Major Shifts in Local Transportation and Leisure

            Consumer behavior has shifted not only in terms of holidays, but also in everyday life. As a result of the pandemic, public transportation has been gradually replaced by private modes of transportation: slightly more than half of poll respondents expect to travel less by public transportation for regular daily journeys, while 40% expect to travel more by private mode of transportation, such as their car or bike.

Tips for Leisure, Tourism, and Travel Companies

            How could leisure, tourism, and travel service providers respond in order to remain in business? We were able to detect these tips thanks to our experience in the industry:

Allow More Flexibility

            Many customers have lost faith in their ability to follow through on travel plans once they have been booked as a result of recent events. Travel companies must rebuild their customers’ confidence by providing more booking flexibility and ensuring that their customers’ money is safe even if the virus resurfaces. In our survey, when asked about the requirements for choosing a travel provider to book their next trip with, 70 to 80 percent of customers rated the need for money-back guarantees in case of cancellation as very important, while 60 percent wanted general booking flexibility.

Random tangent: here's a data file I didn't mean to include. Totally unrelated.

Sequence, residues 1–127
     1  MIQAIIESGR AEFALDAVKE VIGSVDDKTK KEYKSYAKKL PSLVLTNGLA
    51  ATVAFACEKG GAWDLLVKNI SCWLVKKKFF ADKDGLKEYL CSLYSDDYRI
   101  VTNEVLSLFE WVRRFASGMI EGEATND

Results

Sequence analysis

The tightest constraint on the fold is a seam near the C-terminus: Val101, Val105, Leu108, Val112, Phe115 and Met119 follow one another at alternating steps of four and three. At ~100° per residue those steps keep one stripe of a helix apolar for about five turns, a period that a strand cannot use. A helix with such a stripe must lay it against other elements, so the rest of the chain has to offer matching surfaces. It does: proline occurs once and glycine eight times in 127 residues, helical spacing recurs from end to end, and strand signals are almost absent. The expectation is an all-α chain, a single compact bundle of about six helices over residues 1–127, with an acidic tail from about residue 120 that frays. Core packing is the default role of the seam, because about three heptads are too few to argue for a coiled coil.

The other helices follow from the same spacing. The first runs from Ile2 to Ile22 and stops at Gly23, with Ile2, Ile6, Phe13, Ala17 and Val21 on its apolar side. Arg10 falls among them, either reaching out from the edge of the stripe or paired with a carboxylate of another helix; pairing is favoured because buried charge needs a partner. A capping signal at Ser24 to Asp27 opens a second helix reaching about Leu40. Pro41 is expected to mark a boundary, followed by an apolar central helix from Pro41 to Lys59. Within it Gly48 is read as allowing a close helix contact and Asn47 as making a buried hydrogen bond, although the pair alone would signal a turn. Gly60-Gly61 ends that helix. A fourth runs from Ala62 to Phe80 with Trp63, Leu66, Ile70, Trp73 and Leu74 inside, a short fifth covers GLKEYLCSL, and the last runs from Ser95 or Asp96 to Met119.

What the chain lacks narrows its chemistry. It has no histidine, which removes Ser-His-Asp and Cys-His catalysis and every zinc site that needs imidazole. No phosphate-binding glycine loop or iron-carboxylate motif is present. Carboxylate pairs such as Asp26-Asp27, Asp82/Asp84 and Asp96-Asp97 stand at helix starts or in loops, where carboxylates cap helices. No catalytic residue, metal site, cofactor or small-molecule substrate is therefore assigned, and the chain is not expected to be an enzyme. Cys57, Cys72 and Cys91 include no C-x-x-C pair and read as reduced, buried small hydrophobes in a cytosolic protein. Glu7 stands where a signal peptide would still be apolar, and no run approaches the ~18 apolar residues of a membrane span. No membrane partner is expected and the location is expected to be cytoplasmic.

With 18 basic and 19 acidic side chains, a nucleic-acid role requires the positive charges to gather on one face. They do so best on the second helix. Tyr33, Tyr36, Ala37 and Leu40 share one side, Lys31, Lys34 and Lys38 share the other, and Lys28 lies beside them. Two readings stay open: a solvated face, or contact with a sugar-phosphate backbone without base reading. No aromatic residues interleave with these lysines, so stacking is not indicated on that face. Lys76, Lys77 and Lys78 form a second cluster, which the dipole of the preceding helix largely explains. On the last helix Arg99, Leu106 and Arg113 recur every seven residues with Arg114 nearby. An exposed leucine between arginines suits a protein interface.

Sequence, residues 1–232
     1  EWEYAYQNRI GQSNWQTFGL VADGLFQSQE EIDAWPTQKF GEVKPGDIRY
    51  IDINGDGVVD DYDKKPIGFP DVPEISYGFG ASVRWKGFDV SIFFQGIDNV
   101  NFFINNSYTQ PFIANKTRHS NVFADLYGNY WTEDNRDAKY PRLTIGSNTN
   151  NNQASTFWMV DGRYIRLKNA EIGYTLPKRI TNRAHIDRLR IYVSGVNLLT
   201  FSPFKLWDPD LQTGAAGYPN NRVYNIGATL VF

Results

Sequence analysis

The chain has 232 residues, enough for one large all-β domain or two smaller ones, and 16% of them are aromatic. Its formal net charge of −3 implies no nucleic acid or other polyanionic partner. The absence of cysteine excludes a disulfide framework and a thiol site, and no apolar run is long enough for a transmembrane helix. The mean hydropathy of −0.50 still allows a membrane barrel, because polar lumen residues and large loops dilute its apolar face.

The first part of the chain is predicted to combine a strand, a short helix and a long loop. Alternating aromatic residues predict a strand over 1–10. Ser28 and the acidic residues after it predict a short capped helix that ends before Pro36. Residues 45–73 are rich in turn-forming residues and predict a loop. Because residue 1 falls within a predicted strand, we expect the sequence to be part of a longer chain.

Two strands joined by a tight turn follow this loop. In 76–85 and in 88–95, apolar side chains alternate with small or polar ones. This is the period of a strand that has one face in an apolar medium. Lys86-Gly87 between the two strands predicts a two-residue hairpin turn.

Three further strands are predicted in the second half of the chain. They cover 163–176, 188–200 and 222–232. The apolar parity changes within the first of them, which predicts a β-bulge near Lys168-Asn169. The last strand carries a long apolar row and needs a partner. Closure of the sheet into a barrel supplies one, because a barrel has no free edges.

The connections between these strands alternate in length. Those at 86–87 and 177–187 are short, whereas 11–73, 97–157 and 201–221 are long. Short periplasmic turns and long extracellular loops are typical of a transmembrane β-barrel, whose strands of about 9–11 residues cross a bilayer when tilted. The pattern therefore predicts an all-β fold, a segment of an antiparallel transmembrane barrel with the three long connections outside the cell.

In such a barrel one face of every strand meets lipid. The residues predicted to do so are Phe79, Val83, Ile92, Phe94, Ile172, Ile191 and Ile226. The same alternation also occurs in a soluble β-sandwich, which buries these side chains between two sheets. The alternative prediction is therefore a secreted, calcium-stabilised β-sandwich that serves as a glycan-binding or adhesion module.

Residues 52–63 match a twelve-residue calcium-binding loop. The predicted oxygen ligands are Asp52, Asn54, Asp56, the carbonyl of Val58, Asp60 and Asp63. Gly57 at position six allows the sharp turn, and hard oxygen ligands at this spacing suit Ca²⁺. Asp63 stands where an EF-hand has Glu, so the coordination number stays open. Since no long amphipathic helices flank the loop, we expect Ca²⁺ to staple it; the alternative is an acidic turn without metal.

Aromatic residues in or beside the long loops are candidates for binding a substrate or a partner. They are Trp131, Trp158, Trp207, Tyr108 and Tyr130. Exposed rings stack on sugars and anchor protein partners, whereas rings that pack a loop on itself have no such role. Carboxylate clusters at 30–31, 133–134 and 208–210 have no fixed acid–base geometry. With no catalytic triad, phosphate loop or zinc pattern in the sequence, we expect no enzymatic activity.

Implement Hygiene Measures and Communicate Them

            When deciding on their next travel provider in a post-coronavirus lockdown country, 82 percent of study respondents said they would consider the hygiene/cleanliness measures taken. Consumers place health above all else; they want to know that the necessary hygiene precautions have been taken to reduce the risk of infection before they travel. As a result, travel players must concentrate on delivering health assurance across their activities, which necessitates not only the implementation of these guidelines but also the provision of clear and transparent information at every customer touch point.

Embrace the Decline of Public Transport

            It remains to be seen how practical the transition from public to private transportation is. Large cities, such as London and New York, are constructed and developed around public transportation; merely increasing the number of people who drive will not work because the infrastructure is not in place to support it. Because the decline in demand for public transportation is mostly due to shifting working patterns and procedures, such as more people working from home, providers have no control over the situation.

Conclusion

            The most difficult challenge for travel surveys will be balancing the need for increasingly thorough, precise, and timely data on daily travel patterns with the need to reduce respondent burden and protect personal privacy. The continued success of travel surveys in collecting information required for decision making in the new millennium will necessitate the constant adaptation of travel survey techniques to the changing lifestyles and personal preferences of those who will be asked to participate in them.